FHA 203(k) loans are a type of home improvement loan backed by the Federal Housing Administration. They are designed to cover the cost of renovations and repairs - either on a newly purchased property or on the borrower’s existing home (via refinancing).
203(k) Guide Index
- What is an FHA 203(k) Home Loan?
- Using the FHA 203(k)
- FHA 203(k) Eligibility
- How the FHA 203(k) Loan Works
- FHA 203(k) Rates and Fees
- FHA 203(k) Pros and Cons
- 203(k) Alternatives
What is an FHA 203(k) Home Loan?
A 203(k) loan is a mortgage product insured by the Federal Housing Administration and designated for use on homes in need of repair or renovation. They can be used on a newly purchased house or a homeowner’s existing property, should they be interested in refinancing. Sometimes, 203(k) loans are also known as FHA construction loans or rehab loans.
Using the FHA 203(k)
There are several types of FHA 203(k) loans, and the right one depends on your overall goals. You can either use your 203(k) loan to cover both repairs and the purchase of a home, or you can simply use it to cover repairs costs on a property you already own. You may also be able to use your 203(k) to cover the cost of temporary housing while your home undergoes renovations.
Keep in mind, there are limitations to what repairs and renovations your 203(k) loan can cover. Though most structural repairs are eligible costs, things like pools, gazebos and other luxury upgrades cannot be paid for with a 203(k).
The Limited 203(k) (formerly the 203(k) Streamline) is designed for minor repairs and renovations. Costs are typically capped at $35,000. There is no minimum.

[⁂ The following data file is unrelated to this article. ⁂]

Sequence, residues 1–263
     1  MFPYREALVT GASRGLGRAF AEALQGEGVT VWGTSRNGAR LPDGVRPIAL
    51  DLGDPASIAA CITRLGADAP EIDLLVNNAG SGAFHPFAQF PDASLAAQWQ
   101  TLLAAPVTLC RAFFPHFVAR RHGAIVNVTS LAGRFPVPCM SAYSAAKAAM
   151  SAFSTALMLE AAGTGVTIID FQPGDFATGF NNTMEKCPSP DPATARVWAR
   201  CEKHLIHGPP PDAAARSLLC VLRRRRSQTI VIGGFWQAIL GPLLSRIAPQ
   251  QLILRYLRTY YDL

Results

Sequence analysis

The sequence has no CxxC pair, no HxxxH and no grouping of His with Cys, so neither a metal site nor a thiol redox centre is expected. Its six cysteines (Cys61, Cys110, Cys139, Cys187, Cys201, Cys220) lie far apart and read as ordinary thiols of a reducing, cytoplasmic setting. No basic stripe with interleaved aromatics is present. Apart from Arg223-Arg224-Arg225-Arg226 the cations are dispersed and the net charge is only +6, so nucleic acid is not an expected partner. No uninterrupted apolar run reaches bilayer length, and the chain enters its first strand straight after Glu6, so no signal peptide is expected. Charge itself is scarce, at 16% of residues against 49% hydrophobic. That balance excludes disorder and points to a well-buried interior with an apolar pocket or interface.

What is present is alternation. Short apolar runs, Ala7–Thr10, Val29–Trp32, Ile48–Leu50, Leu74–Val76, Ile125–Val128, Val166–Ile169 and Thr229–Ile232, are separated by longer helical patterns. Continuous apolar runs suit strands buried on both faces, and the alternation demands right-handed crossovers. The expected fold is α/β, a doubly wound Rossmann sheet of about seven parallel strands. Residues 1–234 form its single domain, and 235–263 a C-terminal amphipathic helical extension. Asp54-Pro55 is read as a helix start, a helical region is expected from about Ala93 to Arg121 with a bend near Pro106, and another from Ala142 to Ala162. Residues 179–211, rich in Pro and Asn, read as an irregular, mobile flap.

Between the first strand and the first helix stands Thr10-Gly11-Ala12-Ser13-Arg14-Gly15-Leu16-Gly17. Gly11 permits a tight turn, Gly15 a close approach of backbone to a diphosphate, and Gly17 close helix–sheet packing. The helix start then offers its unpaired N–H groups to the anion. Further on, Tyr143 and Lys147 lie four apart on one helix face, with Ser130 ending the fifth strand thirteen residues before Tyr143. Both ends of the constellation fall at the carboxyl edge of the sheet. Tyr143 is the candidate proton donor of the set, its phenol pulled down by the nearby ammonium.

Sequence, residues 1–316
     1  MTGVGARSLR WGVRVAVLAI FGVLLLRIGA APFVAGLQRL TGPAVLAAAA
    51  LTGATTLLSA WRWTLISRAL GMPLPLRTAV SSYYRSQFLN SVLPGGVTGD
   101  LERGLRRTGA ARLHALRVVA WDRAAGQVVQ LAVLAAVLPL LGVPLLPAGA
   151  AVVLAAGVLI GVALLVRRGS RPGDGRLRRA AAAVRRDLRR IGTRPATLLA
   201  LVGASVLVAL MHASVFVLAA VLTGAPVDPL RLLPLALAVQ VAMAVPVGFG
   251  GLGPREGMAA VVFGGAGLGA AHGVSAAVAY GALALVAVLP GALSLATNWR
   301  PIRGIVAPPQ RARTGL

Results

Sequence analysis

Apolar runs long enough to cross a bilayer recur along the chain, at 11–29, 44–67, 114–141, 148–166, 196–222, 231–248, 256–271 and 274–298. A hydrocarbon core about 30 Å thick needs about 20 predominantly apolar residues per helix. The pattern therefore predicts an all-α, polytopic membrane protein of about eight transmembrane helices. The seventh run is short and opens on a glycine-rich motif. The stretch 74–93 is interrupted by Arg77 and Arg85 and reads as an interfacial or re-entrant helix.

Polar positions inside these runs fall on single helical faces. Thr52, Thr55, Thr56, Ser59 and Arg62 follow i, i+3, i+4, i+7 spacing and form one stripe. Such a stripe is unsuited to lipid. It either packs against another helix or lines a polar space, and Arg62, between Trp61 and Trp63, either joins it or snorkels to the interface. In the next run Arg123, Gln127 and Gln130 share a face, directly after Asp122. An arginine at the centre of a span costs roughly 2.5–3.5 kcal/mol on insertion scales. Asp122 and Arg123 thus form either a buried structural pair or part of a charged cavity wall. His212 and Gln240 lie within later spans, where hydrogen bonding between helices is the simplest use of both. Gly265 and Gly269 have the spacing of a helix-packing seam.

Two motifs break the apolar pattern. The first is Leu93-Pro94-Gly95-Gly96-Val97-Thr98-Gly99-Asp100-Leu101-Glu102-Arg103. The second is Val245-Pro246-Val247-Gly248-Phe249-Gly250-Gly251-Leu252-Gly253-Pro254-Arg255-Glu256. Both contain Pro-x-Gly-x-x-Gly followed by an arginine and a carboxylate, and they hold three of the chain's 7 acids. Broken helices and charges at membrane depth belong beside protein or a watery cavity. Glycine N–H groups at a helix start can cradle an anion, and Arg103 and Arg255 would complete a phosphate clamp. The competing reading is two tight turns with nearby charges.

Limited 203(k) loans can be used to cover things like:
- Safety and health hazard repairs
- Carpet and flooring replacement
- A new roof
- Replacing appliances
- Remodeling bathrooms or kitchens
- Making energy-efficient improvements
These loans don’t cover larger, structural renovation projects — like moving walls, adding rooms or changing the overall footprint of the property. It’s one of the most commonly offered 203(k) loans on the market.
The 203(k) standard loan is a more comprehensive rehab loan that covers just about any project, minus luxury amenities/upgrades. The 203(k) standard loan requires a minimum of $5,000 in improvements.
Standard 203(k) loans can cover:
- Structural changes
- Sewer and water connections
- Accessibility renovations
- Relocating the home
- Converting the property into a multi-unit home
Projects must be completed within six months in order to qualify for a 203(k) standard loan.
You don’t have to buy an entirely new property in order to use a 203(k) loan. If you already own a home and need to make repairs or renovations, then a 203(k) refinance can be a solid option to explore. Your repairs must cost $5,000 or more in order to qualify. Lenders will often have their own guidelines in addition to what the FHA requires.
FHA 203(k) Eligibility
FHA 203(k) loans are designed for individual home buyers (or condo/townhome buyers), as well as nonprofit organizations. Investors are not eligible for these products.
Here are some other requirements to keep in mind:
- Credit score: 580 minimum, though some lenders may require a higher score.
- Down payment: 3.5 percent of the total purchase. There may be additional project costs.
- DTI: Typically, 43 percent or less of your income can go toward your new mortgage payment plus other debts.
- Occupancy: You must plan to use the property as your primary residence. The 203(k) is not for fix and flip purchases.
- Loan amount: 203(k) loans offer up to 110 percent of the home’s appraised future value or the home’s purchase price plus the costs of repairs (whichever comes out to less.)
- Contractor requirements: Contractors need to be licensed, insured and in full-time operation.
- Project completion timelines: All projects must be completed within 6 months.
- Home standards: Repairs and renovations must meet basic energy efficiency and structural standards. There also cannot be lead paint, asbestos, outdated electrical systems or other known safety hazards.
Lenders will often have their own guidelines in addition to what the FHA requires.
How the FHA 203(k) Loan Works